Another way to avoid snow gathering against the side of the building is to leave it on the roof rather than have it slide off. By having a lower pitch roof, say 8/12 or less and using composite roofing will, in most cases, prevent the snow from sliding off of the roof and eliminating the need to deal with it when it on the ground. The reason I say use a roof pitch of 8/12 or less is that with steeper roofs the snow moves more and wears away at the granular in the roofing, causing undesired wear of the shingles. With flatter roofs the snow moves less causing less wear. With a log home I suggest using at least a 6/12 roof pitch to maintain the log home appearance. The exception to that would be if you desire to achieve a Bavarian appearance to your home, which typically has a 3 to 4/12 pitch roof.
If you arenít doing the building then it probably doesnít matter how easy it is to roof, however, steeper roofs do cost more to build. But, the difference in cost or ease of roofing should not be the main criteria for the pitch of your roof.
How can I obtain additional usable space on the second floor without making the building footprint larger?
There are three good options with advantages to each. Letís consider pony walls first. Just so we are on the same page, pony walls are exterior walls of the building that extend above the second floor.
If you would like additional usable space on the entire second floor, but donít need or want 8í walls, then pony walls are a viable option. You can determine how much wall height you want or need given the floor plan you want. Although that wall could be stick framed and sided to match the logs below, it makes the most sense to build the pony walls with log. The reason I say it makes the most sense is for several good reasons including the following:
Gable Dormers (sometimes called doghouse dormers)
These are the dormers that have a peak to the roof. The advantage of this type of dormer is that they add style and decoration to a home as well as additional floor and accommodate a window for increased lighting. When considering adding a gable dormer in a second floor room, especially a bedroom, make sure that it is wide enough to be usable rather than just large enough for a window. Additional natural lighting can more cost effectively be achieved with a skylight than a small, otherwise unusable, dormer.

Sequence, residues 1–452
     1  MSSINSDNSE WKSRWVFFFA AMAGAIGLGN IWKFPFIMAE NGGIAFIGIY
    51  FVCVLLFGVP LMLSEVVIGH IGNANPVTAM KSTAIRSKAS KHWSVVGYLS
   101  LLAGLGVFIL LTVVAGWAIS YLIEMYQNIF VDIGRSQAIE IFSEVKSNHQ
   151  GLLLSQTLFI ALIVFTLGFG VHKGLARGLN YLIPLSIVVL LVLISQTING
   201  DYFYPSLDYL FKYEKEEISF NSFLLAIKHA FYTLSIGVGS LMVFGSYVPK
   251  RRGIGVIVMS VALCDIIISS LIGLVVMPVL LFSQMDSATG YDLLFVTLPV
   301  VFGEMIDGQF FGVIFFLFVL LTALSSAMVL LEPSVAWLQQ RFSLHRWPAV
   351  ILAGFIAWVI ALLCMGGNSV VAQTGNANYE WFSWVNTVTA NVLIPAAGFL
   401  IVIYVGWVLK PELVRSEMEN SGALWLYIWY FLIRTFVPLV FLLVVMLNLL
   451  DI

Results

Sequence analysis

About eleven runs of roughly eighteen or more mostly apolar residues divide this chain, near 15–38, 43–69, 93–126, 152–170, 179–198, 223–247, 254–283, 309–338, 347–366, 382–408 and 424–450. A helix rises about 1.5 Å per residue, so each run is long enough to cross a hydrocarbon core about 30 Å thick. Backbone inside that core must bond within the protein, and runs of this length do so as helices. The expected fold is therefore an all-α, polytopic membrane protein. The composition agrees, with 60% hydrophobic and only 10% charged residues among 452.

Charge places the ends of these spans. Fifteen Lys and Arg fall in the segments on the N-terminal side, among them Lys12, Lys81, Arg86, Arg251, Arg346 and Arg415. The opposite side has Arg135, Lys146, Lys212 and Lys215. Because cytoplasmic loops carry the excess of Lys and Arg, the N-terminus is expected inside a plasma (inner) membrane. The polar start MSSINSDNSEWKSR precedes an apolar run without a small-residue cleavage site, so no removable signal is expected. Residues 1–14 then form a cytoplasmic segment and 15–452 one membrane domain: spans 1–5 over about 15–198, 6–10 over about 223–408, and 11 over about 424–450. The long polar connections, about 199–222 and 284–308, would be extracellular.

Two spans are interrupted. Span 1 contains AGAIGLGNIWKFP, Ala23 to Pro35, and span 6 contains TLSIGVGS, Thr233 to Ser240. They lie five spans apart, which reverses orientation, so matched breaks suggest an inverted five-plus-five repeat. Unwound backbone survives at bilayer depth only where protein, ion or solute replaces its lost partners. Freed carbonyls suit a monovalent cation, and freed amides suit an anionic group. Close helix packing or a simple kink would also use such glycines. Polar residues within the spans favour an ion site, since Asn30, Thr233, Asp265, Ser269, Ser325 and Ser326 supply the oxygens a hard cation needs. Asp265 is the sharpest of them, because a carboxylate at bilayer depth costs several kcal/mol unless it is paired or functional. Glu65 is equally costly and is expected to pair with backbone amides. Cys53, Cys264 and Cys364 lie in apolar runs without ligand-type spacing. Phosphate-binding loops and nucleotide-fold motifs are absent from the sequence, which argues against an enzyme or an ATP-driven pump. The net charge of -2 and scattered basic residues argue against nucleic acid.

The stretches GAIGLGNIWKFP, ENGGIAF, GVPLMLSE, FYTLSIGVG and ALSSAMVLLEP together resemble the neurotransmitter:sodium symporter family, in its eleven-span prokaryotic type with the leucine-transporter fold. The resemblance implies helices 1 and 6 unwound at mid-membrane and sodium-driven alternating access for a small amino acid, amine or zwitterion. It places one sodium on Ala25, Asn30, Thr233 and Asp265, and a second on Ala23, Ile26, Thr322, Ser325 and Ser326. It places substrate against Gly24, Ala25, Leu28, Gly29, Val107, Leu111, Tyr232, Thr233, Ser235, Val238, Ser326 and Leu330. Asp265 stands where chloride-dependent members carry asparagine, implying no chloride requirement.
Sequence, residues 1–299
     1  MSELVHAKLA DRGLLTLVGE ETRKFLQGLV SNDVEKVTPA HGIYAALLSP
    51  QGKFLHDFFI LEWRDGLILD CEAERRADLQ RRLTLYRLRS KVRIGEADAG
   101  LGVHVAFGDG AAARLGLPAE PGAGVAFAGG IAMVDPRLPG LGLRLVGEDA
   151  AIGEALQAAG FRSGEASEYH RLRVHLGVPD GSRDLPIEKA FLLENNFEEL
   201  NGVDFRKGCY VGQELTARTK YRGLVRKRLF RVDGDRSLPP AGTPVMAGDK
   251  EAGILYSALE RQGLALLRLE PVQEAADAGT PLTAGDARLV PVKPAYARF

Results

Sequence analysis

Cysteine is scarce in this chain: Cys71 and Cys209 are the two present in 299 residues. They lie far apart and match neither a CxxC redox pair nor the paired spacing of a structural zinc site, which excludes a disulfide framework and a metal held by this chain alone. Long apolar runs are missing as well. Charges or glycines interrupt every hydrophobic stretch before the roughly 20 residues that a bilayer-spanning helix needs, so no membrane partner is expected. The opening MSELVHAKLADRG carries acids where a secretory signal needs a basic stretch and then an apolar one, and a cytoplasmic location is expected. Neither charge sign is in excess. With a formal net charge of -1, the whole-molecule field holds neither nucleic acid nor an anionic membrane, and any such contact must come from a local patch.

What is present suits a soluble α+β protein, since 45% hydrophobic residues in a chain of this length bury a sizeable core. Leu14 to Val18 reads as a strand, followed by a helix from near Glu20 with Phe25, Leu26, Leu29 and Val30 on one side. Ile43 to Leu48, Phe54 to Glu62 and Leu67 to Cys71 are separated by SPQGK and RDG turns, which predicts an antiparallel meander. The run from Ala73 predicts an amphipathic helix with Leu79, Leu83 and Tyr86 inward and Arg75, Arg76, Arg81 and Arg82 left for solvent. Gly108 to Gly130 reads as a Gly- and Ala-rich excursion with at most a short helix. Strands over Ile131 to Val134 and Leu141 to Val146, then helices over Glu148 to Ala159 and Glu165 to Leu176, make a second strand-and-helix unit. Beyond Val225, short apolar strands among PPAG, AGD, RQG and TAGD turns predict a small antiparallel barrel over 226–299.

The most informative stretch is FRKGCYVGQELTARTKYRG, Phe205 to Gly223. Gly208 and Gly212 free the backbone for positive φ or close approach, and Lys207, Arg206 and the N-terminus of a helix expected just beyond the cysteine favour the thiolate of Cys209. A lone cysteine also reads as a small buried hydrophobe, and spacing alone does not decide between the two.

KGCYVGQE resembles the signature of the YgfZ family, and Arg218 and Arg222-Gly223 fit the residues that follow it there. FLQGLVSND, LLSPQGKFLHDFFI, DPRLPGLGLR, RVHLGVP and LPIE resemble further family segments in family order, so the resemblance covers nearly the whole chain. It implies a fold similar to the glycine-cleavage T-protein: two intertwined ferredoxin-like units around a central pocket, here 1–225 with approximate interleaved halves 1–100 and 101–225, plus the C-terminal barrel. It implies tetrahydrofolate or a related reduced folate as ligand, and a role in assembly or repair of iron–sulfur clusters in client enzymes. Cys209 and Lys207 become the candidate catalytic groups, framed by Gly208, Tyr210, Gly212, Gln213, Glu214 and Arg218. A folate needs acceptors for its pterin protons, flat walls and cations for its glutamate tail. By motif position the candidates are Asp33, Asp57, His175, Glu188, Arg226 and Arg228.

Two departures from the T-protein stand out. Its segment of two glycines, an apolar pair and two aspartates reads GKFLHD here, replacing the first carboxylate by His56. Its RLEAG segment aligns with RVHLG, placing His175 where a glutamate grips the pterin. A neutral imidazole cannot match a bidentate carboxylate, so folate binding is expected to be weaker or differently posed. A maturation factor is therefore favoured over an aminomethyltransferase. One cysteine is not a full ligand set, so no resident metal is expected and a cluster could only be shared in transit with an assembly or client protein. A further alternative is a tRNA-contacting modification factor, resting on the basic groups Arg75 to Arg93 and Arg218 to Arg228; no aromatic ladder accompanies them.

A disadvantage to gable dormers in high snow areas is that they create valleys in the roof system where snow and ice can accumulate and cause challenges with the roofing and potential leaks.
If you need more head room in some areas of the second floor, then a shed dormer or two might be a good option to consider. The most common uses of shed dormers are when you have rooms along one wall of your home or cabin where you want unrestricted usable space as caused by low ceiling height. The next most common use of dormers is for second floor bathrooms, again to provide adequate usable floor pace with sufficient ceiling height over bathroom fixtures. Also, over a stairway is a common location for dormers, again to have adequate clearance to meet building code requirements.
Shed dormers are more economical than gable dormers. They are relatively simple to build and roof and donít create valleys in the roof with potential snow accumulation challenges, but they arenít as cute as gable dormers. Typically, shed dormer roofs are not steep enough for the snow to slide off, but that isnít an issue because we design and engineer all of our building to withstand the snow load at each building site.
As with all building options you are considering, contact Gold Valley Log Homes for specific feedback about your desired log home design.